Attitudes and values form the basis of any culture, in any country. They reflect the ways people think and behave. Knowledge of these can be significant if you wish to communicate effectively.
Corporate social responsibility
Sweden is one of the world’s leading countries in corporate social responsibility (CSR). Issues such as climate change, gender, human rights, and anti-corruption are all considered when doing business. Since the 1970s Sweden has been active and fast in reacting to the calls for CSR which nowadays is a crucial part of strategic planning in Swedish business life.
In Sweden, as in Finland and Denmark, punctuality is very important both when doing business and making social engagements. It follows that you should never be late. If you must be late for any reason, it is polite to phone and let someone know. Being late is seen as poor etiquette.
Scheduling and planning are sometimes mentioned as part of the Swedish ‘way of life’. As a rule spontaneity and improvisation are not the strongest characteristics of Swedes.
In business dealings, gifts are rarely given at the beginning of the relationship. Wait for your Swedish partner to give you a gift first. Although exchanging gifts is not common at the beginning of a business relationship, it is appropriate when you are closing your transaction.
Business dress code
Sweden is one of the European countries where a casual dress code is the most popular in the workplace. However, for business appointments, you should dress more conservatively. Swedes themselves are usually fashionably well-dressed in public. Appropriate clothes would be a dark suit and tie for men, and a business suit or skirt and blouse for women. Trousers are also acceptable for businesswomen in Sweden. Swedes value quality and that is also true when it comes to clothes.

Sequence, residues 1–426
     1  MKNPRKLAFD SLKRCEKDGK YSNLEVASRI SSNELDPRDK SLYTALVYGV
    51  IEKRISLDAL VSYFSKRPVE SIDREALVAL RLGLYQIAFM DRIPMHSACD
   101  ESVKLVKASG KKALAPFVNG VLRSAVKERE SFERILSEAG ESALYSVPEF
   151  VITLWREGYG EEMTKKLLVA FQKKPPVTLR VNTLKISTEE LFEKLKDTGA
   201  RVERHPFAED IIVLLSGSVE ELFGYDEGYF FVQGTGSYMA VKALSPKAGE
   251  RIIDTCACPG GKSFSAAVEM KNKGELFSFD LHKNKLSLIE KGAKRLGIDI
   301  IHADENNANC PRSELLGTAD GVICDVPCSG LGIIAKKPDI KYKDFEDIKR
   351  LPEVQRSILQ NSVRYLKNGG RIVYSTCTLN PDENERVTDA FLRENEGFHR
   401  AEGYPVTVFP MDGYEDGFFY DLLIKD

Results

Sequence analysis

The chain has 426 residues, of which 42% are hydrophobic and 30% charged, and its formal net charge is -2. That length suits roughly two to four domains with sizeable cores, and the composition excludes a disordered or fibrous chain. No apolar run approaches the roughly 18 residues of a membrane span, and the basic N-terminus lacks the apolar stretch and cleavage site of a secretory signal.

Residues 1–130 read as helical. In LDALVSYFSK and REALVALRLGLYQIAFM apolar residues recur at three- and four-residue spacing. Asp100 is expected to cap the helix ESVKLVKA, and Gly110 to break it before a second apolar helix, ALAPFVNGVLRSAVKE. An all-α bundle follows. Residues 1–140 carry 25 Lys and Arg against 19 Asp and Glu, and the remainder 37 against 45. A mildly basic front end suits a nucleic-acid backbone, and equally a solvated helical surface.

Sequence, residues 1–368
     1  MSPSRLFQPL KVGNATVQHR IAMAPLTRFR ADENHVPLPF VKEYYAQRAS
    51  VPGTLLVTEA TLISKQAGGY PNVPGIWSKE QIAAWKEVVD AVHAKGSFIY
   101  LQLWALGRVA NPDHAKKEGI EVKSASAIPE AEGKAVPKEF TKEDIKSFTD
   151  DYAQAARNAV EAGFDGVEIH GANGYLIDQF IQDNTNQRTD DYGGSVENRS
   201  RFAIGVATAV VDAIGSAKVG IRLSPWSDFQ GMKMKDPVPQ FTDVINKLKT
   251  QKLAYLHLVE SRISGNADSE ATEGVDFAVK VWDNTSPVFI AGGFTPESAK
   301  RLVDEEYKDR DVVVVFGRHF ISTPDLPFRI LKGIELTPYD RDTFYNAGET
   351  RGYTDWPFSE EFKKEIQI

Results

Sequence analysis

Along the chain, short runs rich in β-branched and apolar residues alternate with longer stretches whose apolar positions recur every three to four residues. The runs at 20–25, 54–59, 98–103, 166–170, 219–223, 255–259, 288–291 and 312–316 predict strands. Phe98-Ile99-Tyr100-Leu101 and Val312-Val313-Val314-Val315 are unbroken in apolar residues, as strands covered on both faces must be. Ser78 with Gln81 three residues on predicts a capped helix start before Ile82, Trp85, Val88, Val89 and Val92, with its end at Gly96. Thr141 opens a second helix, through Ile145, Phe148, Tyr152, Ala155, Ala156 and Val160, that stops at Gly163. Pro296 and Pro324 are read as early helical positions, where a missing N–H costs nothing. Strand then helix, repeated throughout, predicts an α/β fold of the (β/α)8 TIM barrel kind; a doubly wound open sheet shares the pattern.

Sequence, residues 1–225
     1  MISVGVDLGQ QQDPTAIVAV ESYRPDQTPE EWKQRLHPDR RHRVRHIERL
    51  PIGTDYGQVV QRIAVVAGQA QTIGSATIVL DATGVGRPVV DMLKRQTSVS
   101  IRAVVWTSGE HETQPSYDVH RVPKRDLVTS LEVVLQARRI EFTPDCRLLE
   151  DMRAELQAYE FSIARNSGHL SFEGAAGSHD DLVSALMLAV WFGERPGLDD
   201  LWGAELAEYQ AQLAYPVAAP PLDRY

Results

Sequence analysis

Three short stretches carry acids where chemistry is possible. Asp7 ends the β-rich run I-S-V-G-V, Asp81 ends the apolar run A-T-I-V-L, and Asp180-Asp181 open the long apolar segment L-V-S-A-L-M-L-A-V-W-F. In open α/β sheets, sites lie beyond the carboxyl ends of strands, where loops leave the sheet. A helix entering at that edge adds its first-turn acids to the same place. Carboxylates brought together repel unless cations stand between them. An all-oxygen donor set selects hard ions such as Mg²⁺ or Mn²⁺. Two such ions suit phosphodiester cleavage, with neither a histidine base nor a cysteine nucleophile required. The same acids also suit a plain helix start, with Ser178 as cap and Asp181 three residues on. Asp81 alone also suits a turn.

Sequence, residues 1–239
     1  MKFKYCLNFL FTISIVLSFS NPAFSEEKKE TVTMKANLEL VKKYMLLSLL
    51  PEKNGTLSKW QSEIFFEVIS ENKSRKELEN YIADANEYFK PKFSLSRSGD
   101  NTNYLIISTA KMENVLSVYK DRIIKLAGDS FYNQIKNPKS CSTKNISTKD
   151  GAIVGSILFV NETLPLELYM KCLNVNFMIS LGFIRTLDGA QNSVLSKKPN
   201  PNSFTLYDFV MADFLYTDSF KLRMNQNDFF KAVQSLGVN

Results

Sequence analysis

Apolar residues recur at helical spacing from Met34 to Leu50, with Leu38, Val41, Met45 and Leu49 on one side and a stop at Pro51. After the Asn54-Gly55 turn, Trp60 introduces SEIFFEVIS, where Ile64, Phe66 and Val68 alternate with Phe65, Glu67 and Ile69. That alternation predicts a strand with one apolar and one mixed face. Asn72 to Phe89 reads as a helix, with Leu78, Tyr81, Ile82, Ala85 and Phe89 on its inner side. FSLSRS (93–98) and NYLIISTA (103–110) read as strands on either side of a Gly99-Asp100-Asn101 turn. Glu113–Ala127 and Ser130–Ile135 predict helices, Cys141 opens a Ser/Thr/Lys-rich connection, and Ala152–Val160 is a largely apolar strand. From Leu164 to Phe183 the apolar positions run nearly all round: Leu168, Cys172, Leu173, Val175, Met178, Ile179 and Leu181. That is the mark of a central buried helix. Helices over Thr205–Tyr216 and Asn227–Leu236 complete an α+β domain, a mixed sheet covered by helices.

Normal working hours in Sweden are 40 hours a week with an upper limit of 48 hours. There is no limit for managers who sometimes have to work at home. Due to the development of telecommunications, more and more Swedes are used to working from home. Always keep in mind, though, that after 5 pm most Swedish employees go home to take care of their families. Working overtime is neither valued nor seen as necessary it can be seen as an indication of poor planning and time management.
This can of course vary now, in the times of 'post-Covid', where a lot of companies are adopting to a hybrid working model.